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August 31, 2005

My Diversion: Jury Duty in America's Finest City

Although the three other lawyers and I were not selected, last week, after postponing it twice, I showed up for jury duty at San Diego Superior Court. Jury duty is never convenient for anyone, and the lady at the Jury Services office near the Jury Assembly Room at 220 West Broadway in downtown San Diego said I could postpone again. I stayed anyway. Lawyers don't regularly make it on to juries. I knew that being in many respects defense-oriented in my trial orientation -- even though I generally represent companies in civil cases -- would keep me off even a criminal jury.

I was curious, too. My litigation experience has been chiefly in federal courts all over the U.S. Nearly all my clients, generally out-of-town companies, prefer federal trial courts. But sometimes clients don't have that choice. So I was curious about the San Diego system under California’s one day/one trial system and how it compared to D.C. (where I was trained) and Pittsburgh (where I co-founded my firm 13 years ago). My conclusion, by the way, was that San Diego's system was as fair and efficient a state system as I have encountered -- so I'll leave it at that.

I was also curious about the jurors who showed up, and what they thought about the "system" and "process" -- words some used to describe their past jury service experiences during voir dire. The case was a criminal prosecution of a mild-mannered middle-aged Georgian (i.e., the country on the Black Sea between Russia and Turkey) charged with kidnapping and assault -- not exactly your typical news item in staid, pleasant San Diego. I had hoped for a civil business case.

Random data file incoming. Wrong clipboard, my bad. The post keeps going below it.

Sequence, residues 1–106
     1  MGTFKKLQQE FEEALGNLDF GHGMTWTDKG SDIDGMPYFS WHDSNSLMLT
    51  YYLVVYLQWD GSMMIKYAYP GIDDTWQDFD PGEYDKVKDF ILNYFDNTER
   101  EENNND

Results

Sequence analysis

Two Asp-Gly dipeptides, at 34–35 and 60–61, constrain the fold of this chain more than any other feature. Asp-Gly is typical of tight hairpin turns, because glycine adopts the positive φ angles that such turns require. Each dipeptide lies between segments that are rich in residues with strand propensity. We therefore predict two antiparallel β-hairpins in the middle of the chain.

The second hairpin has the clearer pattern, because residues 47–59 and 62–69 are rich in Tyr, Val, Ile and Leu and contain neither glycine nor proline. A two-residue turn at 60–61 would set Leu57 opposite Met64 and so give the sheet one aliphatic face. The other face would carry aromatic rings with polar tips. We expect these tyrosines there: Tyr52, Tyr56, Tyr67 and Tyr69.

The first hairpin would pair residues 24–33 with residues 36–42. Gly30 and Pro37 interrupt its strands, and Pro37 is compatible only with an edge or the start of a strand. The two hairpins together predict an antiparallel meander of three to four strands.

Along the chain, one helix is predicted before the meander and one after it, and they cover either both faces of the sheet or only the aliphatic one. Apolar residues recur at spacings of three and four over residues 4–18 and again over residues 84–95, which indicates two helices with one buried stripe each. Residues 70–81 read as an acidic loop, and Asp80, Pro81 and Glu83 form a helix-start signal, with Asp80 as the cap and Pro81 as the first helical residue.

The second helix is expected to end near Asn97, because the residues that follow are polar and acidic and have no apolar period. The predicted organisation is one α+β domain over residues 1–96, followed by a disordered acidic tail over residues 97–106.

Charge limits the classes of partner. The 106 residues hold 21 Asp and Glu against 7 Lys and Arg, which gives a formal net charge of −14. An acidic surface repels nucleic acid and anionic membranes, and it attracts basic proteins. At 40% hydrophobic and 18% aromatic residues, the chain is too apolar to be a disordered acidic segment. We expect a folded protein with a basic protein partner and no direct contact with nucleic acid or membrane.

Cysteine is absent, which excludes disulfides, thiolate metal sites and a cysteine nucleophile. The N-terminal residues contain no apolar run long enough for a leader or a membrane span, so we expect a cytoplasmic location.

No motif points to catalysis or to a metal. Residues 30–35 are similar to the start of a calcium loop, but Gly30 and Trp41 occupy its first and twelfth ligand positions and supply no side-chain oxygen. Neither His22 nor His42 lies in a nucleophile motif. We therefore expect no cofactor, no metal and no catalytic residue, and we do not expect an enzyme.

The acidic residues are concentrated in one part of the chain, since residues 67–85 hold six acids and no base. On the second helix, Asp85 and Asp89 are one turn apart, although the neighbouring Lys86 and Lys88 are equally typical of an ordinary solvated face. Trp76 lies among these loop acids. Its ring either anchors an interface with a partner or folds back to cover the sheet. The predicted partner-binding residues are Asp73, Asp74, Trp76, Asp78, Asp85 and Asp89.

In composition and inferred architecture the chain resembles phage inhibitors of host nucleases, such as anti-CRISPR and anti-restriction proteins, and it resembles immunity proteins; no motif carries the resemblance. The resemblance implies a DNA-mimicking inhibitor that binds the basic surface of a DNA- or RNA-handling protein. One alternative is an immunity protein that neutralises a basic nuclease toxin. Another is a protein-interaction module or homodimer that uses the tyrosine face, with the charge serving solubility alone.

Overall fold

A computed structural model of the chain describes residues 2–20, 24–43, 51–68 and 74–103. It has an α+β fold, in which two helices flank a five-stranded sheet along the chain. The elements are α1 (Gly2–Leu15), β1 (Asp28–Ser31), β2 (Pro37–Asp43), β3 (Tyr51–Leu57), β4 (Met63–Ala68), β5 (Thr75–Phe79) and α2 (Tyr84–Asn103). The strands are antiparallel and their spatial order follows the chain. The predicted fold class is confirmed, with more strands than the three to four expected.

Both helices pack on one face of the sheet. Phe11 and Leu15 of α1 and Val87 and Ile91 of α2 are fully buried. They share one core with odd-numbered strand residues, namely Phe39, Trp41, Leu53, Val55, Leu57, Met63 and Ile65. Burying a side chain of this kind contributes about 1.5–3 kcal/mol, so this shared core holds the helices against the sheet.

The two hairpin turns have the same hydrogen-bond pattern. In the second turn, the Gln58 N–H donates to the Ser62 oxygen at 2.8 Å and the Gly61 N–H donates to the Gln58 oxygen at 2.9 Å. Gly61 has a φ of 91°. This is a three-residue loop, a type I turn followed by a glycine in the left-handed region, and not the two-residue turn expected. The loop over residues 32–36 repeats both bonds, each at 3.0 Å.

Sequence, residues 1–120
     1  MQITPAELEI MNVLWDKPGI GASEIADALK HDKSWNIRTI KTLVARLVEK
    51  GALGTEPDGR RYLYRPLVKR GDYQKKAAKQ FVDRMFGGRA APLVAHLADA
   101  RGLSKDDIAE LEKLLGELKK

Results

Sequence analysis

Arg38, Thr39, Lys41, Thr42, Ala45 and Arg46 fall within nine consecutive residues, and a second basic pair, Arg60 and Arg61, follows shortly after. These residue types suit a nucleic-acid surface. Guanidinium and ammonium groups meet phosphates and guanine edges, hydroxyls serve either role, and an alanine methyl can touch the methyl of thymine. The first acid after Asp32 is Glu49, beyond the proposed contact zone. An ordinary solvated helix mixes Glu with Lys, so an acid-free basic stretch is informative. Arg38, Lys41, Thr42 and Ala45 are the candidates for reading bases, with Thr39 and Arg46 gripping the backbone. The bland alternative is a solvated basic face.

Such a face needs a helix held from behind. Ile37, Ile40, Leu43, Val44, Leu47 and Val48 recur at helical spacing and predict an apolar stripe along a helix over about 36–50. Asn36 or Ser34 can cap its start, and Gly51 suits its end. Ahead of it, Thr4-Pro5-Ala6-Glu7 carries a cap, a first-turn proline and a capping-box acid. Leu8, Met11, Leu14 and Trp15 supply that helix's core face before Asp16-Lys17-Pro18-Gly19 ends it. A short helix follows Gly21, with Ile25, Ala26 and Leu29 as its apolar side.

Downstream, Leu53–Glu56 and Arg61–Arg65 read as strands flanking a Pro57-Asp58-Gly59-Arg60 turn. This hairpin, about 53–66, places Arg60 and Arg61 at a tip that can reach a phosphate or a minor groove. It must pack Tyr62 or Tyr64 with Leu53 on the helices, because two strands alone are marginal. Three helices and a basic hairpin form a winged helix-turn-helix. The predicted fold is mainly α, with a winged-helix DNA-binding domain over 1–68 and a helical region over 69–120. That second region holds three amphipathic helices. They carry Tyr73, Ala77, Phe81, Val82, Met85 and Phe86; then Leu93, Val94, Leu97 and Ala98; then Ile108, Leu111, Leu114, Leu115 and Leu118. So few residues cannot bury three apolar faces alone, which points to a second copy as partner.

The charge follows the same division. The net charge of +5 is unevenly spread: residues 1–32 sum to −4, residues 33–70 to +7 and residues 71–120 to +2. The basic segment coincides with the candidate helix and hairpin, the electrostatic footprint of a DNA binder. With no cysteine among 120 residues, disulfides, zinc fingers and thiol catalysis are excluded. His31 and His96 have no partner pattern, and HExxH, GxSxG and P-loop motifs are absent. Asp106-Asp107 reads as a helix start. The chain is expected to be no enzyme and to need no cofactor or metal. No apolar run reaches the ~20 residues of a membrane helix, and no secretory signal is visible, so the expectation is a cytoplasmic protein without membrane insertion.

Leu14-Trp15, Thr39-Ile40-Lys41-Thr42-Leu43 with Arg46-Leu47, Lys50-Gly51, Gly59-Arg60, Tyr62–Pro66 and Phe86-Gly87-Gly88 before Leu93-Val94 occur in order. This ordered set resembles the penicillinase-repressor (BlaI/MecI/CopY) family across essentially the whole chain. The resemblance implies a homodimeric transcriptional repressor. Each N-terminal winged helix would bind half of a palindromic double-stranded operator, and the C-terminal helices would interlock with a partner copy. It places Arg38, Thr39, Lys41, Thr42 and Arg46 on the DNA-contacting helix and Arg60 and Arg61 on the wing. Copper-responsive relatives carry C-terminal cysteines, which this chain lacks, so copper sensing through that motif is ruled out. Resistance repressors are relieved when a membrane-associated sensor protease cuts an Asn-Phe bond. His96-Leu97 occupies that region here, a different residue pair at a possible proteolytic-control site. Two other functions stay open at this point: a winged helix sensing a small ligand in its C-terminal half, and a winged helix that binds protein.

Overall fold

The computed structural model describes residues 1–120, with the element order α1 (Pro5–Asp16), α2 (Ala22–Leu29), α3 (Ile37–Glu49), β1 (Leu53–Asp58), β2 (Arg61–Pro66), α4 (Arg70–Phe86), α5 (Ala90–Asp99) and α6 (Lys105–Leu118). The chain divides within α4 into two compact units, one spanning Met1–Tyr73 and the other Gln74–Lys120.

But I wasn't disappointed. There were 40+ members of the pool for this case and 5 of them really surprised me. Maybe trying to get out of jury duty, or maybe just venting, they said in effect they didn't trust testimony (pretty much any testimony) by police officers or detectives. Two were college-educated housewives, two were middle manager executive white males and one was an engineer in his twenties. As large American cities go, San Diego is reputed to be a relatively well-mannered, conformist, law-abiding and conservative place, with a disproportionate number of military retirees and refugees from the American midwest -- so this bowled me over.

What struck me even more was that 5 different jurors, who also seemed well-educated, said -- in response to being asked whether there was anything which would prevent them from being impartial in the case -- that they were cynical about or somehow disillusioned with "the system", i.e. lawyers, judges, courts and outcomes. I talked to some of them after we were all excused from duty. One had bad experiences with lawyers generally; one thought courts less than even-handed; one had read news reports about ill-grounded cases, both criminal and civil. But whatever the reason, these 5 out of 40+ (and, I think, the tip of the iceberg in the room) repeated the same message: it doesn't work. All seemed intelligent and even-keeled. All were irked.